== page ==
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At Age 52, Beezie Madden Riding Into Rio For Her Fourth Straight Olympic Games

By Karen Rosen | June 30, 2016, 5:58 p.m. (ET)

Beezie Madden clears the water jump at the Longines King George V Gold Cup at the Longines International Horse Show at Hickstead on July 26, 2009 in Sayers Common, England.

When her horse Authentic retired, Beezie Madden needed another show jumping partner that was the real deal.

Will Cortes “C” rise to the occasion in Rio? When the U.S. Olympic Show Jumping Team was announced Wednesday, Madden was named to her fourth Olympic squad with Cortes “C” her third Olympic horse.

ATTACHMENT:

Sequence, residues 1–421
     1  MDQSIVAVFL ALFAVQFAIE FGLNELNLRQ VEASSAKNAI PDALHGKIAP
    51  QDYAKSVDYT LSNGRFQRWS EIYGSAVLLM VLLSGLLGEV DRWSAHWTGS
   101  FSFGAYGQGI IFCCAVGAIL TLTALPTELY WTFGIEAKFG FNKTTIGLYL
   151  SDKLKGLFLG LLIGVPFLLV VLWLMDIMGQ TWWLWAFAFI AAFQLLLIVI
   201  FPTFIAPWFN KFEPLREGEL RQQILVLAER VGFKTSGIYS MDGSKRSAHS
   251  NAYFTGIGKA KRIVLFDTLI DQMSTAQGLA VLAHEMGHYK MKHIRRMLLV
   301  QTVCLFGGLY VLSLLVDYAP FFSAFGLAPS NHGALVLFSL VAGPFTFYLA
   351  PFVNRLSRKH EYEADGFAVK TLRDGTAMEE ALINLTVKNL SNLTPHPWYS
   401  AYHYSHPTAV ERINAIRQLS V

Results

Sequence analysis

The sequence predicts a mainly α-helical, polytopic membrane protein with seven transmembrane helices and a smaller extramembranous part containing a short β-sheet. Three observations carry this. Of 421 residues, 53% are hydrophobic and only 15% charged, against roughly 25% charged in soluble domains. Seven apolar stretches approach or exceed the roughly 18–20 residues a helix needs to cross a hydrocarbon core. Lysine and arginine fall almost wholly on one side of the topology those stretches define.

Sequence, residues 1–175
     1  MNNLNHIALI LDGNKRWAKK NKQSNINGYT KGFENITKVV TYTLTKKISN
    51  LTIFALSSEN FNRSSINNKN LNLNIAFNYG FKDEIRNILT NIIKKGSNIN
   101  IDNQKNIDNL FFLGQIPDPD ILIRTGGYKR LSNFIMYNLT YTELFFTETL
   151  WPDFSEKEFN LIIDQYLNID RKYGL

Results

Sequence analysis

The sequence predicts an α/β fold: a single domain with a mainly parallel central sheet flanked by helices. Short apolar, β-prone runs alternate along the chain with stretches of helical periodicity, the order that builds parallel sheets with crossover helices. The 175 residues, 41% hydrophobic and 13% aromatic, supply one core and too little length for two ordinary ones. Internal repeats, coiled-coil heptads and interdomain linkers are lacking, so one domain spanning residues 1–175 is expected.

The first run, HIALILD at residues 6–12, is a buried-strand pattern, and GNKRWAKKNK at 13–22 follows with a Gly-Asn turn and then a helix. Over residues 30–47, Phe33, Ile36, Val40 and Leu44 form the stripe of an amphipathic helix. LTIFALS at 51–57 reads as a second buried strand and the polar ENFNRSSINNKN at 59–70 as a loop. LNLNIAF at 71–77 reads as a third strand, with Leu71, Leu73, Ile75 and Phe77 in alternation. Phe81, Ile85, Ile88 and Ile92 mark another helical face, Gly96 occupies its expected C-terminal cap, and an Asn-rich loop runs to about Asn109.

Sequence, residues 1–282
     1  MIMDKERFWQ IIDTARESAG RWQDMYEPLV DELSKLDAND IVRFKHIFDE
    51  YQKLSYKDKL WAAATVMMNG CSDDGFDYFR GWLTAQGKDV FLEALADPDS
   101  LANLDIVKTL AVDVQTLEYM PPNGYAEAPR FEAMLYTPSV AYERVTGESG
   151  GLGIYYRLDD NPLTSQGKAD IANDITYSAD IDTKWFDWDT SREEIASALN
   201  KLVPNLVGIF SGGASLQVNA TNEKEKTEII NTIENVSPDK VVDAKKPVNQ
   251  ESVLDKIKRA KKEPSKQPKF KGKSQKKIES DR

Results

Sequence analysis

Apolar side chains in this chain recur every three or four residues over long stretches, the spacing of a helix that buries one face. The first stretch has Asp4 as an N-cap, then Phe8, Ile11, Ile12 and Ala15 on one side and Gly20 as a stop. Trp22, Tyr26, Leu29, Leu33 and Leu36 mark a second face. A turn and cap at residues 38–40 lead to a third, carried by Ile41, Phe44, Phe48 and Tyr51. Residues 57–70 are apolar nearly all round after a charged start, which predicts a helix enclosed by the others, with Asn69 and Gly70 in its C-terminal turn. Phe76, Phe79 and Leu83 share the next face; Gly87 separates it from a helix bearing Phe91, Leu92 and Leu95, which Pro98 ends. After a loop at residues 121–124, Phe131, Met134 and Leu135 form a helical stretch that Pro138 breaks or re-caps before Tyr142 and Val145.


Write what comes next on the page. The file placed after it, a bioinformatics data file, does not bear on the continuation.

“I think we are good together because he is an exceptionally good horse and we have been together for over five years now,” Madden said after competing last week in Rotterdam in the final test for U.S. riders. “We know each other very well.”

Aboard Authentic, Madden won Olympic team show jumping gold medals in 2004 and 2008, as well an individual bronze in 2008, making the horse the most decorated in Olympic history.

“When he retired, I didn’t have any intention of retiring myself,” said Madden, who at age 52 is the oldest female athlete on Team USA so far. “I was hoping to find another horse (so I) could do the Olympic Games again.”

Prior to London four years ago, Madden narrowed the search for Authentic’s replacement down to three horses – Coral Reef Via Volo, Cortes “C” and Simon. Team selectors chose Coral Reef Via Volo as Madden’s Olympic mount. Unfortunately, the horse refused to complete a combination jump and Madden dropped in the individual standings. In team competition, the U.S. placed sixth.

This year, Madden auditioned Cortes “C,” Simon and Breitling LS – like Authentic, all are owned by philanthropist Abigail Wexner – though she also rode other horses in events.